How it happened: Lots of golf was played on Sunday. Thursday’s rain delay pushed the entire tournament back and players returned to the course early on Sunday to finish their third rounds before teeing off for their final round. Thomas was two holes into his third round and led by one when play was called on Saturday, and when the third round was complete he was at 17 under and leading by four. But a lot changed Sunday afternoon. Thomas bogeyed three of the first five and Holmes took his first solo lead with a birdie on 10 when Thomas made bogey. Thomas birdied 11 to Holmes’s bogey to retake a one-shot lead, but Thomas needed seven putts on the 13th and 14th and made double bogey and bogey to fall two behind Holmes. Thomas birdied 16 to cut the lead to one, but couldn’t make a final birdie to catch Holmes. Thomas signed for a 75.

Key hole: Holmes and Thomas alternated two-shot swings on the 10th and 11th holes, but Thomas four-putted for double bogey on the 13th. That costly error gave Holmes a lead he never lost.

Why it matters: It’s the 36-year-old Holmes’s fifth win of his PGA Tour career and first since the 2015 Shell Houston Open. Holmes’s first two victories came in 2006 and 2008, and he later overcame brain surgery in 2011 before rejoining the PGA Tour in early 2012. The 2014 Wells Fargo Championship was his first victory after returning from surgery.

Best shot when it mattered: Holmes, leading by two with three to play, hit his tee shot on the par-3 16th into the bunker, but he made a key par save from 11 feet. Thomas followed by knocking in his short birdie putt, but Holmes’s clutch par kept him out in front and prevented the two-shot swing.

Notables: Woods closed with a 72 and finished T15, McIlroy shot 69 to finish T4 and Jordan Spieth made quad on the par-4 10th and shot a 10-over 81, his highest score in relation to par in his pro career.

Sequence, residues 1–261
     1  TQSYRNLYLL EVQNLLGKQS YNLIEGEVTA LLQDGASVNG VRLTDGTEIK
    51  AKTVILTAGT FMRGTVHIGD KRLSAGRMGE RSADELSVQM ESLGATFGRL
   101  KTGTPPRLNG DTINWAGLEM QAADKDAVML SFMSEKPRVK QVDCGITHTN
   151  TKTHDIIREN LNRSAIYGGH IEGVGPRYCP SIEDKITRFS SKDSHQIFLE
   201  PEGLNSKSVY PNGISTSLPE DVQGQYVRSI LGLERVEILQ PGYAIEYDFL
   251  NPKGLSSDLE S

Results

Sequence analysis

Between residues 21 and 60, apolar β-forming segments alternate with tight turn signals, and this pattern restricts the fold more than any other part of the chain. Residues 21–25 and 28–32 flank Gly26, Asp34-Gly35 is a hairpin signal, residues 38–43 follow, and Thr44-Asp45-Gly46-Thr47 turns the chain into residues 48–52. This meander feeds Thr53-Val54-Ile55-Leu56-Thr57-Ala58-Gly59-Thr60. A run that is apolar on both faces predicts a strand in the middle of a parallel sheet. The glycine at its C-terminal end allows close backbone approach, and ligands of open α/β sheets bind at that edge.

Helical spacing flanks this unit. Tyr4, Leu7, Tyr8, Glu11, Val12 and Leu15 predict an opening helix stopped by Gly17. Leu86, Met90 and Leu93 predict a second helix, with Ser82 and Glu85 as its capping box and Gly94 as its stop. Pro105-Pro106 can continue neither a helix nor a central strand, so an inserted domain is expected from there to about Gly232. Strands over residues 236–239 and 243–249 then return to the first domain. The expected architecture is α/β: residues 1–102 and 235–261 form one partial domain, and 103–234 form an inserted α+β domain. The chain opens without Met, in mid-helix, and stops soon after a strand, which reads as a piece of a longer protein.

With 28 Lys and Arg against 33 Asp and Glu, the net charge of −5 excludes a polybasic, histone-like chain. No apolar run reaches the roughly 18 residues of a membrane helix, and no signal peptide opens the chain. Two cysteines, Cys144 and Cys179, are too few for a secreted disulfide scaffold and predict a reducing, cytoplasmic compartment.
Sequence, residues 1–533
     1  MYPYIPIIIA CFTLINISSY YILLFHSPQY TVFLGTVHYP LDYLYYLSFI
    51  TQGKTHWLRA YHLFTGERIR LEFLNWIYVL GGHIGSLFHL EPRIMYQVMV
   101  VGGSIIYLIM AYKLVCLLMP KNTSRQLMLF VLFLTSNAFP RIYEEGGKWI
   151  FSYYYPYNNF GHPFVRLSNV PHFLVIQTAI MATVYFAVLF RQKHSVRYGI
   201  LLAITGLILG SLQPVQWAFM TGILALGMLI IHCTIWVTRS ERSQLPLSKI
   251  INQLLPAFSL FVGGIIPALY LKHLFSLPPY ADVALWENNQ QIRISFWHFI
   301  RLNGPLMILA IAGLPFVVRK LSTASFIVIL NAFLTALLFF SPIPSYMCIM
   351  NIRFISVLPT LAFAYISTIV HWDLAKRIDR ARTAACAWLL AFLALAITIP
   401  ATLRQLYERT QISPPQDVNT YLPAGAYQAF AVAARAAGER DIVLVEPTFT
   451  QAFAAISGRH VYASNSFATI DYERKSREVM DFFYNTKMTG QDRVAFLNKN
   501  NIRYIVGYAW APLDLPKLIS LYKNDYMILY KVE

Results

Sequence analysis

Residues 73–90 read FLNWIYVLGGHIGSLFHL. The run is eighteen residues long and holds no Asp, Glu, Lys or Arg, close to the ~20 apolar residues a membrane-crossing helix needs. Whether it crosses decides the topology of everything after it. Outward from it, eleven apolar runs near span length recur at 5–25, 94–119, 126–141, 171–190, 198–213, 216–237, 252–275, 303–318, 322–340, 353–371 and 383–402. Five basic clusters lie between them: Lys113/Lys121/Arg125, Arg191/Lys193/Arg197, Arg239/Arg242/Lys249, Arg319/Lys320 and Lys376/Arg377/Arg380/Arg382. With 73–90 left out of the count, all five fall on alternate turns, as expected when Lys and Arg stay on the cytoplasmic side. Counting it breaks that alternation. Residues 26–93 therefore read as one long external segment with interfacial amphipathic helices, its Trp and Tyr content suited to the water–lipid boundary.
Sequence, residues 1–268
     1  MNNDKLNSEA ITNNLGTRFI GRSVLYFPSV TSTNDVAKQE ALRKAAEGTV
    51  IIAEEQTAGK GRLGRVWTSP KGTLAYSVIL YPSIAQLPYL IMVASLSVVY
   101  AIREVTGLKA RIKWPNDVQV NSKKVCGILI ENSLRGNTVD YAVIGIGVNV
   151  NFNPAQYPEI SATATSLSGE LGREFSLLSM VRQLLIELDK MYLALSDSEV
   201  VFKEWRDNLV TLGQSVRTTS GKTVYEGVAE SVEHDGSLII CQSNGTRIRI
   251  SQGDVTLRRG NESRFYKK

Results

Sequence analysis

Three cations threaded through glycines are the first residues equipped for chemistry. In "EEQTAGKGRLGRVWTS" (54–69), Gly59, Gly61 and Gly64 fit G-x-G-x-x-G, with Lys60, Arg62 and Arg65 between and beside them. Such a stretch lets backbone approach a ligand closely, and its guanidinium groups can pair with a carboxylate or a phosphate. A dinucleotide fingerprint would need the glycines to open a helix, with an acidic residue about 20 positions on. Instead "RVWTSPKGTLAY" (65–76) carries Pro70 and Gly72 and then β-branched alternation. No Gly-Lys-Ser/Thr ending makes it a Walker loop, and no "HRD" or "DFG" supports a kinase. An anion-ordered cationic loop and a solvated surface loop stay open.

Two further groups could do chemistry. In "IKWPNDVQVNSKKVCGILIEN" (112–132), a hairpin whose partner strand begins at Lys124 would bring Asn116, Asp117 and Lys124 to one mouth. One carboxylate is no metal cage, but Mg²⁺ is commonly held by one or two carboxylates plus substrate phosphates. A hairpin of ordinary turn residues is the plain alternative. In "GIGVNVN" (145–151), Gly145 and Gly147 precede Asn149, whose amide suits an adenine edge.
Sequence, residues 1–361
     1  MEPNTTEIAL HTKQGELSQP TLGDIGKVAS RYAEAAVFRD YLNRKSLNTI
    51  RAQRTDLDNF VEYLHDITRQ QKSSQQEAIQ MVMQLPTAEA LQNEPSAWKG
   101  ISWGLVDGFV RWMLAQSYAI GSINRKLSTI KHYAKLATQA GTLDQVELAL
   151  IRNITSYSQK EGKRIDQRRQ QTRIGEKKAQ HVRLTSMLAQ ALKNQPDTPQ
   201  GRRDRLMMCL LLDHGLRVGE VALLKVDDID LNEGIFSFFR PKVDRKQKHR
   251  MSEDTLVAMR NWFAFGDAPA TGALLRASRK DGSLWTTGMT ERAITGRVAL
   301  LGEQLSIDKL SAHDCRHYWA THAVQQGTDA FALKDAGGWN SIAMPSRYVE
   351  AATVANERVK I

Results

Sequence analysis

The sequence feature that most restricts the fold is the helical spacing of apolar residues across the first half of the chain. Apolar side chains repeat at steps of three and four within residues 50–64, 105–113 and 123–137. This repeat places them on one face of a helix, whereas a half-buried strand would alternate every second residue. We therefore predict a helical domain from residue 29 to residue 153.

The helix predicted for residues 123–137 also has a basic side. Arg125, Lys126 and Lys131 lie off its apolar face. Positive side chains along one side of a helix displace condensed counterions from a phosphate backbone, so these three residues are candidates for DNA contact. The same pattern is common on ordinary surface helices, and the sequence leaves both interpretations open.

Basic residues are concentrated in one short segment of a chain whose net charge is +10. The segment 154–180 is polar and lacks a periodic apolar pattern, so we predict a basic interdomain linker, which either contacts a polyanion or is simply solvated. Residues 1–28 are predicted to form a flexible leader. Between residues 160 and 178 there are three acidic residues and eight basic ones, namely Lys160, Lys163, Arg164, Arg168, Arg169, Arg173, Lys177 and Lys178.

Best secondary storyline: J.B. Holmes’s sluggish pace was noticed by the broadcast team — and social media.

Up next: Phil Mickelson defends his title south of the border as we gear up for the World Golf Championships-Mexico Championship. Woods is also in the field.

Link to article: Click here

PGA TOUR rules officials guide you through the process of understanding the significant changes in 2019

Source: PGA Tour
By Staff

In mid-December, roughly two weeks before significant changes in the Rules of Golf were to officially take effect, Jim Furyk – a 17-time PGA TOUR winner, a major champion, the only TOUR pro with two sub-60 rounds, and a long-time U.S. representative in both the Presidents Cup and Ryder Cup – made an admission.

“I’m probably a little ashamed to say that if you asked me what the rule changes were, you’d probably surprise me by telling me about a couple of them,” Furyk said. “I need to be a little bit more well-versed in what’s going to happen.”

Not to worry, Jim. It’s understandable. Golfers at all levels are still trying to grasp the scope and breadth of the rules changes, which go into play today with the calendar flipping to 2019. Consider this: In an eight-page document that offers a summary chart of the changes, there are 37 new rules – and those are just the most significant changes as outlined by the USGA and the R&A.